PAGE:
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Church-state separation anxiety

Posted: October 29, 2010 3:46 p.m.
Updated: November 1, 2010 5:00 a.m.

Some people love the Constitution so much that they just can't wait to change it.

That's the ironic contradiction I am often hearing from the reenergized political right in this midterm election season. I've heard conservatives from the tea party right, the Christian right and the free-market Ron Paul libertarian right talk endlessly about how "We've got to get back to the Constitution" and "take our country back."

Back to what? That depends on who you ask. But there's a good chance that it would require some drastic new interpretations of the Constitution to get what they want. It might even require new amendments.

Take, for example, that hearty perennial of an issue, freedom of religion.

In a recent debate, Christine O'Donnell, Delaware's Republican candidate for Vice President Joe Biden's old Senate seat, barely found agreement with her Democratic opponent, Christopher Coons, over what the First Amendment says, let alone what it means.

At one point, O'Donnell demanded to know where in the Constitution one can find the "separation of church and state," a question that audibly amused the debate's law school audience.

Coons, a graduate of Yale's law and divinity schools, responded that she should try the First Amendment, which bars the government from making laws respecting the establishment of religion.

O'Donnell replied, "You're telling me that's in the First Amendment?" as if this came to her as news. The audience of law students audibly gasped, laughed and groaned.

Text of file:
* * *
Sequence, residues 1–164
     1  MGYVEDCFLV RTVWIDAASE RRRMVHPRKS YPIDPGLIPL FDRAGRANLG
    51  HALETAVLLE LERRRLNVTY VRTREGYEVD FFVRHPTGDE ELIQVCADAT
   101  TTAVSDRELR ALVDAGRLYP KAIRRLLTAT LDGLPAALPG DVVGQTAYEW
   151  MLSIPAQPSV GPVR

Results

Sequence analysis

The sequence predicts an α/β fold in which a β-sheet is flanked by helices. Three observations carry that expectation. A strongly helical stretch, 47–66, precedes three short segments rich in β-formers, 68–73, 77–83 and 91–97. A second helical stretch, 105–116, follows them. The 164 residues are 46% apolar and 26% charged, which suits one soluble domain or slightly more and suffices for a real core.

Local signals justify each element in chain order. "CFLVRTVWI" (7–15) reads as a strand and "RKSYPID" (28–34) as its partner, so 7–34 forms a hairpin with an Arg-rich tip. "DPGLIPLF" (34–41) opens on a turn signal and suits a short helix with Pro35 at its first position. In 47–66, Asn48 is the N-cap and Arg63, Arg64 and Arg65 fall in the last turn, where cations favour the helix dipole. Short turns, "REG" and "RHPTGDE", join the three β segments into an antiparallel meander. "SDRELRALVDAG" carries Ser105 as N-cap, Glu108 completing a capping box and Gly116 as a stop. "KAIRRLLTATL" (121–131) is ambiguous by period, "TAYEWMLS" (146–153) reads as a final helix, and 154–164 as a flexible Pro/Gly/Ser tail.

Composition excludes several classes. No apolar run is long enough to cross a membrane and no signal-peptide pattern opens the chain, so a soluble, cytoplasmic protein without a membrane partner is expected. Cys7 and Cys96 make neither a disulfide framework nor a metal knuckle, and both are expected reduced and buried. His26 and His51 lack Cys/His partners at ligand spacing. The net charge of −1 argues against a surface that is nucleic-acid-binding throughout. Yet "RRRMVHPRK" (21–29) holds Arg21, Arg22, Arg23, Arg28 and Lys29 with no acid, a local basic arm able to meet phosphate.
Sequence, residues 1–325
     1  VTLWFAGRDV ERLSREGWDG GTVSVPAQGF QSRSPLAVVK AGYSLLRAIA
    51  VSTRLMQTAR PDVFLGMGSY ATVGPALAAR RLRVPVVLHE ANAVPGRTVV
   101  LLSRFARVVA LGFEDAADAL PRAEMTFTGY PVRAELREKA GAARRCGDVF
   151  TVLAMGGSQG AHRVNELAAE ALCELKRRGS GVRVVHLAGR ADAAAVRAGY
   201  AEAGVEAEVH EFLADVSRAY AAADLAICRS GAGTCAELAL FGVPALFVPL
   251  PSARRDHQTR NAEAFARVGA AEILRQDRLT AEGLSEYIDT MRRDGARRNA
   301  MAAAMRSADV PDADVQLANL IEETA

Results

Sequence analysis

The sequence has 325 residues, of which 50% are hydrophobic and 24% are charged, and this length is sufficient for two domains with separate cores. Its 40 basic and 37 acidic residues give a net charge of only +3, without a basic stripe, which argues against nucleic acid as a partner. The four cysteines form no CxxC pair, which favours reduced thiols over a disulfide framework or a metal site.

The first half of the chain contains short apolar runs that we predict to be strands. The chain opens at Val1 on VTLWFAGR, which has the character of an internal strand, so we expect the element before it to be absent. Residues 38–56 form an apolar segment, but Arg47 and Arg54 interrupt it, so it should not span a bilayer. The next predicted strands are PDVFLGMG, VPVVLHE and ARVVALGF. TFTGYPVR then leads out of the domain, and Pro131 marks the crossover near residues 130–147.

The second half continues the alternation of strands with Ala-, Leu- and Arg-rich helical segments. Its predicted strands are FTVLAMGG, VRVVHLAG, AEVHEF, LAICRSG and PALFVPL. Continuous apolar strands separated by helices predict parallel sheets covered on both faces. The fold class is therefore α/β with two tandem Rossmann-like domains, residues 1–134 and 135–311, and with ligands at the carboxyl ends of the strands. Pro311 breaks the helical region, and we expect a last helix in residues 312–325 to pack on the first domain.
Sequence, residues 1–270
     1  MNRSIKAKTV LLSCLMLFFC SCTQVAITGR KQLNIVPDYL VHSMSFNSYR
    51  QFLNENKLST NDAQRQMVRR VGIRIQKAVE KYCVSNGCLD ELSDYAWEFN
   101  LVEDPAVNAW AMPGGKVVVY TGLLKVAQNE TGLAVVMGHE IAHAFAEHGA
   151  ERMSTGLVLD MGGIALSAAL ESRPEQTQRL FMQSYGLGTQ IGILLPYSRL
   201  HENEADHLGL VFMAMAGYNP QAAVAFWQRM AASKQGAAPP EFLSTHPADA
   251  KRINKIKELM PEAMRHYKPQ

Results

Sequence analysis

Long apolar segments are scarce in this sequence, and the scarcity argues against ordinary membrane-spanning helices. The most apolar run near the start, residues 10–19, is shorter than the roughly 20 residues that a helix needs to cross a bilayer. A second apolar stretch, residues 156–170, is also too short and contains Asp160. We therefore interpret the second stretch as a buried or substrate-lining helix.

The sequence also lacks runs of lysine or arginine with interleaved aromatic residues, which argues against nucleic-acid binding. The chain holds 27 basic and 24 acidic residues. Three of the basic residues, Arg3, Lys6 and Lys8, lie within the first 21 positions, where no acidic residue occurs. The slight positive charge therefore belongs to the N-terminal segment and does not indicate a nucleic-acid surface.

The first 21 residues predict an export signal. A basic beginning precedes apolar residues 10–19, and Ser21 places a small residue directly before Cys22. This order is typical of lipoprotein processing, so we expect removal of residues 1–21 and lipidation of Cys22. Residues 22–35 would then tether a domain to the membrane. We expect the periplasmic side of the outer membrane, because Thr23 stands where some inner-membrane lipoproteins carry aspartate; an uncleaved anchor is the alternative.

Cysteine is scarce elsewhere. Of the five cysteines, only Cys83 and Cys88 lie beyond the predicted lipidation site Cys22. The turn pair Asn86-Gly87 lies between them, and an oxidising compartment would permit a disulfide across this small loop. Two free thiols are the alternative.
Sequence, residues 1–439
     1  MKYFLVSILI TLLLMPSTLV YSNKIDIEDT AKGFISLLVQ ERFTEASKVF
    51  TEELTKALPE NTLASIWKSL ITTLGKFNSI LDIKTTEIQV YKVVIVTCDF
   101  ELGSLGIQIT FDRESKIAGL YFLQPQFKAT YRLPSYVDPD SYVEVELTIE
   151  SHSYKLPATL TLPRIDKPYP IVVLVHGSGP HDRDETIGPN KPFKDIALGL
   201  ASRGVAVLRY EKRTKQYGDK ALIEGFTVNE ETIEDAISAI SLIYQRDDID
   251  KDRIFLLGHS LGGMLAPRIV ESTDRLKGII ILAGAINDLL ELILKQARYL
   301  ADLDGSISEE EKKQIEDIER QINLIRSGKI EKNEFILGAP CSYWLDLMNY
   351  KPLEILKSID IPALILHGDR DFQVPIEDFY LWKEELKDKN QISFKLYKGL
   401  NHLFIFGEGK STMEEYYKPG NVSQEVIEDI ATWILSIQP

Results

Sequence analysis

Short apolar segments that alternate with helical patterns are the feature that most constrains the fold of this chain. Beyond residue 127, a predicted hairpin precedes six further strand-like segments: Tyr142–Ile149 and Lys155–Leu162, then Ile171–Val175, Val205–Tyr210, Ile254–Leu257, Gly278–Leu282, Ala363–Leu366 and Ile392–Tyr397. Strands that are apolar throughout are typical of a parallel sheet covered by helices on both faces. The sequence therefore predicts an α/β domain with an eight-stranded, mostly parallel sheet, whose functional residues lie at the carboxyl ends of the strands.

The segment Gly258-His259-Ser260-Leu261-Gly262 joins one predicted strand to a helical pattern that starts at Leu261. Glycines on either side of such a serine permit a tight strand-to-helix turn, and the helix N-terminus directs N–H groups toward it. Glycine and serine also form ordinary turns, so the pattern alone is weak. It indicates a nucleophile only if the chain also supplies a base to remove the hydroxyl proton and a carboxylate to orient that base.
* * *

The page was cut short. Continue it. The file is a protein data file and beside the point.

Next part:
But, guess what? Sometimes in politics you can sound wrong even when you're right, especially if you're the year's only candidate to famously begin your first television ad with "I am not a witch."

It turns out, if you want to get technical in a way that makes late-night college dormitory arguments go on forever, O'Donnell was correct. In fact, it is a well-worn talking point on the religious right, in particular, to point out that the exact phrase "separation of church and state" is not in the Constitution.

That famous phrase traces back not to the Constitution but to a letter from Thomas Jefferson to church leaders, declaring a "wall between church and state." The metaphor has been quoted again and again over the centuries by lawyers, judges and Supreme Court justices and many of the rest of us, usually in agreement with it.

But not always. Lawyers, judges and justices make their living through argument, and this issue is no exception.

Among other Republican Senate candidates, we have another tea party favorite, Ken Buck of Colorado, who raised a bit of a ruckus last year by saying he "strongly" disagrees "with the concept of separation of church and state" and sees no need for it when "we have a Constitution that is very strong in the sense that we are not going to have a religion that's sanctioned by the government."

Sharron Angle, Nevada's Republican Senate candidate, later agreed saying "Thomas Jefferson has been misquoted, like I've been misquoted, out of context." The nation's founders "didn't mean we couldn't bring our values to the political forum," Angle said.

Yet the First Amendment could hardly be clearer in its aim to keep churches and government separate. "Congress shall make no law respecting an establishment of religion, or prohibiting the free exercise thereof," it says. Even conservatives like O'Donnell, Buck and Angle agree that the Constitution bars the establishment of a state religion. The eternal dispute rages on over how far government should just keep its hands out of religion and vice versa.

Can't we all get along? Separation of church and state has been argued endlessly precisely because no one can say for sure what the founders intended, no matter how much today's experts with their widely varying amounts of expertise think they know.

It is left for us, the living, to figure out how to reconcile our national conflicts over faith, religious freedoms and religious diversity. Campaign time may be the worst time for us to try to find points of agreement. But it does offer us a chance to see how vastly different our interpretations can be, even when we read the same words.

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